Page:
Sharing pictures and videos from employees and subscribers, Loot Crate gives a human face to the business while building strong individual connections.

Yet despite its active participation online and through email, much of Loot Crate’s core community building takes places outside of its owned properties. Engaging with consumer-generated content, Loot Crate actively promotes an audience-centric form of community-building.

3. Trust the power of your fan base.  

While some marketers worry about building a platform around “borrowed” rather than “owned” media, tapping into existing social networks creates the opportunity to generate a significant—and cost-effective—impact on growth.

With over 500,000 followers on Twitter and 2,000,000+ fans on its Facebook page—Loot Crate's borrowed media strategy is an example of what can be gained. Yet to realize exponential, fan-driven growth, you must first be willing to supply the platform. How do you initiate this process? Learn to trust your fan base.

It’s normal to feel uneasy when handing over control. But if you have done the work to provide a great user experience and built strong online communities, the borrowed media strategy will lay upon a strong and reliable foundation.

For Loot Crate, this foundation of trust has nurtured a highly engaged online community. The “Loot Crate Surprise Box Offering for GEEKS and GAMERS” which targeted the company’s specific (and active) geek and gamer audience base generate over 1.9 million views.

https://www.youtube.com/watch?v=Tee4Y4KwsSU

Of note? This video is not hosted on Loot Crate’s YouTube channel. This particular unboxing—while extremely successfully at generating brand awareness—is a piece of borrowed media, not monitored by the Loot Crate team.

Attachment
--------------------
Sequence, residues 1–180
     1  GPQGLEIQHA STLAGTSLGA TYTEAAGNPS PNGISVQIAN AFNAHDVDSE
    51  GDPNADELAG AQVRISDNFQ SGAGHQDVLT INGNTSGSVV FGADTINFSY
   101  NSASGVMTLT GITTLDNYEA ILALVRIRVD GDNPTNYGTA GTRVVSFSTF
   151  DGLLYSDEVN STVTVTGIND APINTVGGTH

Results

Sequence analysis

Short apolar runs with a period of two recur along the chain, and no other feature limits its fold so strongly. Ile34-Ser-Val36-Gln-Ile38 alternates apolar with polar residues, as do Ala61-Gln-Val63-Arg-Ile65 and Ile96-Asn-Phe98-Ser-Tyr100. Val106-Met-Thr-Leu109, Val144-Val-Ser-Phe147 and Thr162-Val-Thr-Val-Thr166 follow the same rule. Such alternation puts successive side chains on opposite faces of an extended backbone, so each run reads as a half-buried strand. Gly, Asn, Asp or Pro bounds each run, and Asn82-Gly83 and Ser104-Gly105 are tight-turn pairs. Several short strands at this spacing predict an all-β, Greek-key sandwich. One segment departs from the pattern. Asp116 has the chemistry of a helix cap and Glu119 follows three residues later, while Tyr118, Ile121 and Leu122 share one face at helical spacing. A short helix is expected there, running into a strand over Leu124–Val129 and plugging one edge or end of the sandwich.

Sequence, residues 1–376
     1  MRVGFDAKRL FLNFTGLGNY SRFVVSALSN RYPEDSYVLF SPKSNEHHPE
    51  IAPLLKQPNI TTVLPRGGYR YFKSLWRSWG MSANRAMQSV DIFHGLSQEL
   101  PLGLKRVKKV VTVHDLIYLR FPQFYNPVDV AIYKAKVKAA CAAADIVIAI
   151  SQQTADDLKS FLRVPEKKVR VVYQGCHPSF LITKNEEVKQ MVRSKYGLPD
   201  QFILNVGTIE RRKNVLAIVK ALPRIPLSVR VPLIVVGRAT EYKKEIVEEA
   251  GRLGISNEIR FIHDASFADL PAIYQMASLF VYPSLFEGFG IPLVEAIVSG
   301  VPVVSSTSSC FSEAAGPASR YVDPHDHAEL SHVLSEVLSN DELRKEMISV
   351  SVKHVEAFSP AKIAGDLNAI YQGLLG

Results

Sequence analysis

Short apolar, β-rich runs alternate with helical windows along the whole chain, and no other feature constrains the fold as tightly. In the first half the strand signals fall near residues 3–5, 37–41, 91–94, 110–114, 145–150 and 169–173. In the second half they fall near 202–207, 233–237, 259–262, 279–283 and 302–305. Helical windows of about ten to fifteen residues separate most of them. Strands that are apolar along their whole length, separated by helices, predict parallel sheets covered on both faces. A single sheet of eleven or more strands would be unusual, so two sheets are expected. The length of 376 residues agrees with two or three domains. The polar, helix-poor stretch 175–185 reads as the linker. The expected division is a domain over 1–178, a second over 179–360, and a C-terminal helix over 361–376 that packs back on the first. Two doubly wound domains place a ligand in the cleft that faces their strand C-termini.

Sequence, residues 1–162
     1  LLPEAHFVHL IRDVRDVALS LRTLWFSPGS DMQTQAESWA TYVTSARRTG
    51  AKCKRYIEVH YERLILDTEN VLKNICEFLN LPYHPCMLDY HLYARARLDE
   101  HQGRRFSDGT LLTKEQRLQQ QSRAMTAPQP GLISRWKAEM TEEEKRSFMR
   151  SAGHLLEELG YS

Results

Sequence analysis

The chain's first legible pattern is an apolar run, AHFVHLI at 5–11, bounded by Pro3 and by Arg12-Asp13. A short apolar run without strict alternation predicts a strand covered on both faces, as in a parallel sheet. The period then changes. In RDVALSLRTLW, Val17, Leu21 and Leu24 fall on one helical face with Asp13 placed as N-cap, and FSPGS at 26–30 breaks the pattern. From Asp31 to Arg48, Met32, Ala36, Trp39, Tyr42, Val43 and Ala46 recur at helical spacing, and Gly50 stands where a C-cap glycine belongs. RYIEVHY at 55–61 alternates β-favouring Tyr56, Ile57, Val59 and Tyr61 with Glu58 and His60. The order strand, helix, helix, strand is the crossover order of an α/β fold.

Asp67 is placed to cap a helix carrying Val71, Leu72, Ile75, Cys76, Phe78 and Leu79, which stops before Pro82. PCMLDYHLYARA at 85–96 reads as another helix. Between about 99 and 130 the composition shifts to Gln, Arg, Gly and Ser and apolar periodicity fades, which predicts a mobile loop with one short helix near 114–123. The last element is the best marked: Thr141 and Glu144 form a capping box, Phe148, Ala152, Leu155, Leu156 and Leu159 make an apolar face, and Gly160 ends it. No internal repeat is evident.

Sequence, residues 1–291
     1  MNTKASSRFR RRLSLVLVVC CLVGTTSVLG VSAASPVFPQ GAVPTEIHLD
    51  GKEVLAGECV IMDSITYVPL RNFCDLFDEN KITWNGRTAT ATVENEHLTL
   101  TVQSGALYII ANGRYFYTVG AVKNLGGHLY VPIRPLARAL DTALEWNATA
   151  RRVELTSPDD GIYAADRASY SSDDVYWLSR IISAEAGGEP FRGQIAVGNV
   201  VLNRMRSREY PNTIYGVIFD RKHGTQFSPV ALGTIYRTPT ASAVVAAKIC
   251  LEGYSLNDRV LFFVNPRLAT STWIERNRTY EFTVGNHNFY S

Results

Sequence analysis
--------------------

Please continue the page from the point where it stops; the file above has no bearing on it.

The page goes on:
Is Loot Crate in complete control of its customer base? Of course not. (How could they be?) And customer sentiments and comments are not always sunny. But that’s just the beauty of Loot Crate’s sincerity model. They have embraced the very real factor that when you foster a genuine community—people are going to be themselves (for better or for worse).

Such strategy utilizes employees as brand advocates in a powerful and authentic way.

How can you apply these lessons to your own business?

Focus on the customer experience “outside the box”—beyond the solution you wish to sell. By nurturing customer communities that add value to the experience of being your customer, you simultaneously allow your audience to participate from a place of sincerity.

If you engage authentically with customers while giving them platform to amplify their voices, you will succeed in creating an army of brand ambassadors. What else? You'll just be doing smart business.

____________________________________________

 

Guest writer Anne Janzer is the author of Subscription Marketing and a content marketing consultant.

Comments (0)

Add your comments below

Allowed tags: <b><i><br>Add a new comment: